You can never have too many friends, or hear too many inspirational stories. This weekend one of my close friends sent me an unbelievable story about a special high school basketball team manager in Atlanta. The story made my jaw drop, my heart warm and my gooses bump. Here it is.

Pace Academy

This year, the Pace Academy basketball coach, Sharman White, wanted to send his high school seniors off with a memorable ending. All of his seniors.

Before the last home game of their regular season the coach circled up his team, and thanked senior team manger Daniel Lucke for his faithful loyalty to the team. He then surprised Lucke by announcing that he would be suiting up for Senior Night.

The team went crazy for Daniel. They cheered, hugged and encircled him. Clearly this was a guy the rest of the team really loved. And now, in the last game of his senior, the manager was going to get to wear a team uniform, just like the rest of the players on the team.

And this is what happened…

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Daniel put on his uniform, and his family insisted on taking pics. Daniel gave the camera his best, aw-come-on-mom look.

Then…

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His sister Katie, Dad (Jim), and Mom (Stephanie), proudly escorted Danny when his name was announced.
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Jim and Coach bro-hugged, while Katie thought, ‘Aww… they are bro-hugging.’
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Danny got to participate in team warmups. And a little boy who walked in the gym wearing a blue jacket thought Danny looked legit.
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Danny joined his teammates on the sideline and totally looks like he fits in. He is number 14 (just like he was in the other 4 photos above).

The Game

The Pace Academy Knights proceeded to dominate their opponents from The Lovett School. Which also happens to be the alma mater of my friend Adam Nelson, who won the Olympic Gold Medal in the shot put in Athens in 2000. (Apparently having a Gold Medalist shot putting alum doesn’t help your team dominate in basketball a couple decades later. #gofigure)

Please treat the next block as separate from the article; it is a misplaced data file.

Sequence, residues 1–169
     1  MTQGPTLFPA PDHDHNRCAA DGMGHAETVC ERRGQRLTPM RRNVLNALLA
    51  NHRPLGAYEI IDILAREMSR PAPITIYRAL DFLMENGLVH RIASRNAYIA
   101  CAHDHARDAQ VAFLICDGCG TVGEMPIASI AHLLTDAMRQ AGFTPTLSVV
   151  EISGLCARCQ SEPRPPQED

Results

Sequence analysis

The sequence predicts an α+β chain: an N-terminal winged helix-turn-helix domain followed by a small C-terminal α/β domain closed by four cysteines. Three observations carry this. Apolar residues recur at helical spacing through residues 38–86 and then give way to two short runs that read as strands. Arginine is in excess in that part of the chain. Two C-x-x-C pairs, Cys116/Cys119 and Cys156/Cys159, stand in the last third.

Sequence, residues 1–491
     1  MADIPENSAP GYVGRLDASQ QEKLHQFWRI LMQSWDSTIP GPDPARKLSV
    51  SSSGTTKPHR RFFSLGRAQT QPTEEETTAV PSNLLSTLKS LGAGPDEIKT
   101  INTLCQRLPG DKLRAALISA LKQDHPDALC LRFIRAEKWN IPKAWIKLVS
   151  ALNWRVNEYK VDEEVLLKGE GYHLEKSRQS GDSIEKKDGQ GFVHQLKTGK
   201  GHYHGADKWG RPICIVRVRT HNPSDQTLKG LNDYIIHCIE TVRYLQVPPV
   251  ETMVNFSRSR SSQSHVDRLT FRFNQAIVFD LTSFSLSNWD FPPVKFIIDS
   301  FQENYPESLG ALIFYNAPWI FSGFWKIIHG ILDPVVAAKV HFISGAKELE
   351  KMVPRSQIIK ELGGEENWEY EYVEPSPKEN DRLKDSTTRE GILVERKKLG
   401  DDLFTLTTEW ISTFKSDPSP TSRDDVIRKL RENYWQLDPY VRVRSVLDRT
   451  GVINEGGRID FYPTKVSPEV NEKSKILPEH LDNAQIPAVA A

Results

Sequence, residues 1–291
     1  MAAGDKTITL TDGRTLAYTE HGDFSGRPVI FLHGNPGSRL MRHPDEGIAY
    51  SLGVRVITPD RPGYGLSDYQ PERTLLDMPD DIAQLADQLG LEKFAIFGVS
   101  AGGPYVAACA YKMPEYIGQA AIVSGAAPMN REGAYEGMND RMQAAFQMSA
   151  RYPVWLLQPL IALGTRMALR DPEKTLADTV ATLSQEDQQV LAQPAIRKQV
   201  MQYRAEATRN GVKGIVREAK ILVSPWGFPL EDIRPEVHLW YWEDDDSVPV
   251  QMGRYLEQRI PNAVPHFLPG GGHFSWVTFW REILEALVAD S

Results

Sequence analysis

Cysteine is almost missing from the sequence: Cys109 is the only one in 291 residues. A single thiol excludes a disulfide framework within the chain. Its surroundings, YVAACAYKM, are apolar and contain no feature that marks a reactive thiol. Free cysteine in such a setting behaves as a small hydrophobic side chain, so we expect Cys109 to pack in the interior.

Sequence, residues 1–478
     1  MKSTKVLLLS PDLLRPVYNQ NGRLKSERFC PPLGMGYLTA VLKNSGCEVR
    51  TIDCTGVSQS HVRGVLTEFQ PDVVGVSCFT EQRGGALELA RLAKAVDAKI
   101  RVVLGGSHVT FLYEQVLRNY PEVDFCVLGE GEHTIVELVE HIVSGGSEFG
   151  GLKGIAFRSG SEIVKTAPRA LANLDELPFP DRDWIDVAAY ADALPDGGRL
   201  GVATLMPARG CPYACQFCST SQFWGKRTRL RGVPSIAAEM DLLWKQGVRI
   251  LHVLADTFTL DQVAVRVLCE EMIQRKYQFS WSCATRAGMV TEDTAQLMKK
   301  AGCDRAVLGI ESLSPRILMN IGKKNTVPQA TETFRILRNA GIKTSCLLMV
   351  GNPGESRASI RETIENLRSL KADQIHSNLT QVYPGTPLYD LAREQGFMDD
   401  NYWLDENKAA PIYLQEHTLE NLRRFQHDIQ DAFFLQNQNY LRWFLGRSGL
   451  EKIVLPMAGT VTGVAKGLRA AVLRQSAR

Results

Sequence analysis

The Moment

With 1:30 left in the game, and the win assured, Coach White did something he will never forget. He called Daniel Lucke’s name. And the told the faithful team manager that it was his turn to play.

All of Danny’s service, sacrifice, support and unselfishness over the past 2 years got him 90 seconds of playing time in the last game home game of his senior year. It was a dream come true. But the dream wasn’t over.

Rising To The Occasion

With just seconds left in the game, Danny was passed the ball under the opponents basket, and quickly dribbled up court. After crossing the half-court line, Danny executed an NBA-caliber crossover dribble, behind his back! The move left the poor defender guarding him flat on his bumski. And the crowd went wild.

Then, Danny dribbled to the top of the key, and launched a 3-point shot just before the final buzzer. The whole crowd held their breath, and watched as the final shot of the game arced through the air. And into the basket.

The Reaction

The crowd went cray-cray. The student section poured onto the court, surrounding Danny, and completing a dream-like finale to the team manager’s high school basketball experience.

The Proof

Here is a video of both the announcement that Danny would suit up, and the final play of the game.

Going Viral

Videos of D-Lucke’s buzzer beating shot immediately went viral. The story made news outlets across the country. Within hours, the video had been seen by millions of people. And the world had one more great inspirational story to share.

Danny The Kid

Danny is a great kid. I’m not just saying that because his coach said that. Or because his teammates and classmates obviously loved him. I know Danny.